Although the liberal notion of equality is promoted within the new social contract to allow both men and women to reach their full potential in public and private domains, Wollstonecraft’s new social contract fails to account for the passion between male-female relationships and the dilemma of motherhood. While Rousseau believes love should to be the foundation of marriage and family life, Wollstonecraft believes that love is too fleeting and emphasizes the importance of friendship in reaching equality and a mature relationship between married partners. However, Wollstonecraft fails to fully address corporal intimacy and sexual desire in her marriage as friendship solution, this is largely due to the fact that the higher friendship she envisioned was in the image of a relationship “traditionally thought of as existing between men only.” That being said, she does not completely ignore or shun the sexual dimension of personality but simply advocates moderation to focus on fulfilling familial duties. Thus, Wollstonecraft assumes priorities in the social contract between men and women by picturing marriage as an arrangement that allows love to drop to a healthy lukewarm temperature. Hence, there are some rights that must be given up in promotion of the greater good, that is to say, strong feelings of affection. Still, some may argue that the co-existence between friendship and sexual desire is difficult, especially when humans are more driven by desires than rationality in the pursuit of companionship. Moreover, society has not yet evolved to favour level-headedness and long-term planning in lieu of short-term passion and stimulus. As Abbey rightly observes, had Wollstonecraft not died while giving birth to Marry Shelly, her continued marriage with William Godwin might have been able to offer deeper insights and reflections on the place of sexuality in friendly marriages. However, a noticeable flaw still exists in Wollstonecraft’s newly proposed social contract of equality, and that is the gap between equality and difference that drives Carole Pateman’s description of Wollstonecraft’s Dilemma. In essence, Wollstonecraft’s dilemma is the double-edged argument that women must be granted rights of humanity to then fulfill traditionally feminine duties of motherhood. However, assuming women’s biological destiny and natural calling to motherhood risks confining them to the private sphere. This is an issue unaddressed by Wollstonecraft that reverberates in modern debates over work-life balance and the timing of marriage and childbirth. Thus, there exist both physical and psychological barriers in the attempt to bridge feminist rights and motherhood. While society should make women capable of fulfilling the role of motherhood through equal opportunity, men also have an obligation to marriage and fatherhood. However, workplace representation, the glass ceiling and gender wage gap are indicators that women still cannot have the best of both worlds, and subsequently men too. Hence, barriers between the public and private sphere are often borne by nature, but engrained by nurture.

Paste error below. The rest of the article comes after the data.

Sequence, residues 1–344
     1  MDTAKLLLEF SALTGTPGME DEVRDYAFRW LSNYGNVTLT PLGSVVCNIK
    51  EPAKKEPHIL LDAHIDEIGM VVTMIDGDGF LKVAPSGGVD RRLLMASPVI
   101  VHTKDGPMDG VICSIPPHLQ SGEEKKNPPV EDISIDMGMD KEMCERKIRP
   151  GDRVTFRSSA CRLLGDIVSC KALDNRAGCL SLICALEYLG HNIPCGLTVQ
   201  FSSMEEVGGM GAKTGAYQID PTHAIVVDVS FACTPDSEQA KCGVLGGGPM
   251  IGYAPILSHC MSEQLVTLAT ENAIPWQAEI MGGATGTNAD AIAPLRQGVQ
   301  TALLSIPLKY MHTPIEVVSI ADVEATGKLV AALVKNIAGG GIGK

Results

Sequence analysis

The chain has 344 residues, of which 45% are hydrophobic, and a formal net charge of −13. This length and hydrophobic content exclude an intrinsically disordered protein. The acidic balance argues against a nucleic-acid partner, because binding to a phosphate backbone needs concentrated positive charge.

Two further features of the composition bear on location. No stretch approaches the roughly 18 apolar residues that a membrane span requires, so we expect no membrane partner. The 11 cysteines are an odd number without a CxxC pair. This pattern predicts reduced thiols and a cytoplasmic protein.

Wollstonecraft’s ideas about nature versus nurture and gender embody a very modern sense of gender identity for her time. She was one of the first to suggest the extension of the social contract into the private sphere by highlighting the idea that everyone is born equal, and that oppression from one’s environment is what creates inequality. Under the old social contract of patriarchy, women were not only required to be dependent on men but also beautiful and emotionally vulnerable. Moreover, Wollstonecraft highlights the need for a change to women’s education for dependence by uncovering the thoughtlessness behind submitting to the will of another fallible being as well as the inevitability of arbitrary power relations on both sides. Nevertheless, because men and women create social contracts out of self-interest, redefining those interests leaves considerable room for reform to the original agreement. In other words, what we value, is ultimately up to us. As liberal values of freedom, reason, and consent diffuse, women will be able to overcome their subordinate positions and achieve equality and independence in the household. Additionally, friendship based on choice, complementarity, mutual respect and concern for the other’s character will not only help wives but also husbands in fulfilling their duties of a stable and happy marriage as well as education of the next generation. Not only does Wollstonecraft note the false dichotomy between nature and nurture, she devises a new interpretation of gender relations and identity to aid both men and women in reaching their full potentials. Ultimately, Wollstonecraft’s work is fundamental in highlighting the importance of addressing the political nature of family relations before liberal political theory may progress.
Abbey, Ruth. “Back to the Future: Marriage as Friendship in the Thought of Mary Wollstonecraft.” Indiana University Press Journals 14, no. 3 (1999): 78-95.
Brace, Laura. “’Not Empire, but Equality’: Mary Wollstonecraft, the Marriage State and the Sexual Contract.” The Journal of Political Philosophy 8, no. 4 (2000): 433-455.
Wollstonecraft, Mary. A Vindication of the Rights of Woman with Strictures on Political and Moral Subjects. London: J. Johnson, 1792.
 Mary Wollstonecraft, A Vindication of the Rights of Woman with Strictures on Political and Moral Subjects (London: J. Johnson, 1792), 21.  Wollstonecraft, A Vindication of the Rights of Woman, 35.  Laura Brace, “‘Not Empire, but Equality’: Mary Wollstonecraft, the Marriage State and the Sexual Contract,” The Journal of Political Philosophy 8, no. 4 (2000): 434.  Wollstonecraft, A Vindication of the Rights of Woman, 22.  Ibid., 36.  Ruth Abbey, “Back to the Future: Marriage as Friendship in the Thought of Mary Wollstonecraft,” Indiana University Press Journals 14, no. 3 (1999): 79.  Wollstonecraft, A Vindication of the Rights of Woman, 39.  Ibid., 10.  Abbey, “Back to the Future: Marriage as Friendship,” 86.  Ibid., 82.  Ibid., 85.  Ibid., 87.  Ibid., 88.  Brace, “Not Empire, but Equality,” 436.